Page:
In the night when I can’t sleep, I will look out into the pitch darkness and imagine these trees actually walking away without being noticed and then coming back before dawn to where they had been. One day they might just leave the hill for good, because who would care?
I wonder what else is on the hill. If I checked from the windows at the head of my roommates’ bunkbeds I might see something else, but in this overcrowded place everybody maintains a distance from one another. We don’t know the personal history of the others. I think the first thing I do when I get out of here, I’ll walk to the hill to check out the trees. Are they growing upon fertile soil or upon rocky earth?
Dear daughter, you are like a tree that I planted fifteen years ago, and the only thing I expect of you is to stand straight. I know that with a father in prison, it can’t be easy. I’ve failed to provide you a life of triumphs. There is no clear road in my life leading me to a certain destination or the achievement of specific goals. I only know that I chose the road my conscious told me to take, and looking back, I don’t regret it. I am paying a much higher price than I should have to pay, but I do not have remorse for I know of no other way around it. Although it is unfair and harsh, I’ve gotten support and love, and learned how to set my mind free when my body is confined. I have your mother and you growing stronger and tougher day by day from the soil in my chest. That will be more than I need to walk along this long, winding and desolate road.
I am worried that you won’t be able to stand straight, my dearest daughter tree. I am worried that my situation might empty your heart, that you might lose your strength to stand firm. I want you to remember that your father might dissent against the authorities, but he is not a traitor to the country.
Kaiting, My dearest wish is that each letter I write you will bring you some of the nourishment you need. The long separation has inevitably brought me a great deal of anxiety and a sense of guilt. My thoughts of you and your mother stir in my mind day and night, but they also give me hope. I hope my words will become nutrition for your roots to absorb. I hope they help strengthen your will and your life’s expectations. Being here gives me a bad name, but I hope my efforts will not be wasted in the gravel of despair, where trees have no chance to grow. I have been wronged, but I definitely don’t want you to feel the same way throughout your precious time of youth.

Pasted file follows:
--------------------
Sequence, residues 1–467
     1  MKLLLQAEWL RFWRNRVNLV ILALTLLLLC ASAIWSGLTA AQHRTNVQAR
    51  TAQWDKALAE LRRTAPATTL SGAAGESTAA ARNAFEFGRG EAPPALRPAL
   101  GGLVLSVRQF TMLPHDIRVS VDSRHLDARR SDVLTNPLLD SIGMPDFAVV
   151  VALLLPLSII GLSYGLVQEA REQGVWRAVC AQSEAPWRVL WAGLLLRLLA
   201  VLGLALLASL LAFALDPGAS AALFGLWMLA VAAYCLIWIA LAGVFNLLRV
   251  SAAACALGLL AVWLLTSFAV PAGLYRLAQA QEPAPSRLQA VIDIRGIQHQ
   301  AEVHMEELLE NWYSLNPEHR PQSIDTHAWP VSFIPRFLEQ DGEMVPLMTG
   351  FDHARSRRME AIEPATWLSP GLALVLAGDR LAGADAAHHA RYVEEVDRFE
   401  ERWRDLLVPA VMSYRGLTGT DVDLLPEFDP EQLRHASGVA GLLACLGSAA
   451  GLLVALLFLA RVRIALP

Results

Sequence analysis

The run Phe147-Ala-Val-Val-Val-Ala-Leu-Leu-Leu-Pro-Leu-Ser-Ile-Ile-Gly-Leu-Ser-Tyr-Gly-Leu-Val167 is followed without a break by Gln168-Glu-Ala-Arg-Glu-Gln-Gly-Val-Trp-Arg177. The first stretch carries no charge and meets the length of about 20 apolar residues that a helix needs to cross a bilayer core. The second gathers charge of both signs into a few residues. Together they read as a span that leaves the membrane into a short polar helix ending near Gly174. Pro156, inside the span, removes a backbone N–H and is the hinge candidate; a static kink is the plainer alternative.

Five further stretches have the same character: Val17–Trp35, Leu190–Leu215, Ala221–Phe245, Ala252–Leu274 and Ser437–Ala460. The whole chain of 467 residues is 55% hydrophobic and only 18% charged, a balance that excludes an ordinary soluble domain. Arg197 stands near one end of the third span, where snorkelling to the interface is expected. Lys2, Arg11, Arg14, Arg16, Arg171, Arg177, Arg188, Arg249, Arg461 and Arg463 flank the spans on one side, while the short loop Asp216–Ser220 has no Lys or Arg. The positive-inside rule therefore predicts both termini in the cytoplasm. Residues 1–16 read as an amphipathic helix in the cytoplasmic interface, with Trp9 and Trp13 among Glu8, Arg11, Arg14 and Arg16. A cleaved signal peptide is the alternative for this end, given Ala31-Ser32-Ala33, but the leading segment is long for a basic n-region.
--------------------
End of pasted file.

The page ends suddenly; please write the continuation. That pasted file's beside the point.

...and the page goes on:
At this moment I lift my head from the writing pad that sits on my knees, and I see through the window that the tall trees on the hill are reflecting sunlight while fluttering in the breeze. They are like millions of sequins, and are so carefree!
There is so much I want to say to you, but I will stop here now and wait for the writing of my next letter.
C.J. Anderson-Wu’s short stories appear in Anthology of Short Stories in English, Eastlit, and Lunaris Review, among other literary journals. She has translated several significant literary works such as Darkness Visible by British writer William Golding, Fanny, Being the True History of the Adventures of Fanny Hackabout-Jones by American writer Erica Jong, and Decayed Lust by Taiwanese writer Chung Wenyin, among others. Since 2006 her priority is to build up an international readership for Taiwanese literature. She founded Serenity International Publishing House which publishes the English version of Taiwanese literary works. Titles of Serenity International include Sorceress Diguwan by Badai, Decayed Land by Chung Wenyin, and Undelivered- Anthology of Tainan Literature by 13 Tainan writers.
Given that the development of contemporary Taiwanese literature had been severely slowed down during the White Terror period and the traumatic past was hardly heard of, C.J. Anderson-Wu began to write about the historical incidents and how the life of ordinary people had been impacted by the historical injustice that is still not fully discussed today.
But who was able to control public opinion nowadays anyway? The influence from the West was greater and greater, uncensored publications were more and more accessible, and people absorbed different ideas easily. They no longer believed that social order and growth had to be sustained at the price of individual rights. Government achievements such as the full employment rate and the greatly improved infrastructure no longer entitled the rulers to conceal inconvenient truths.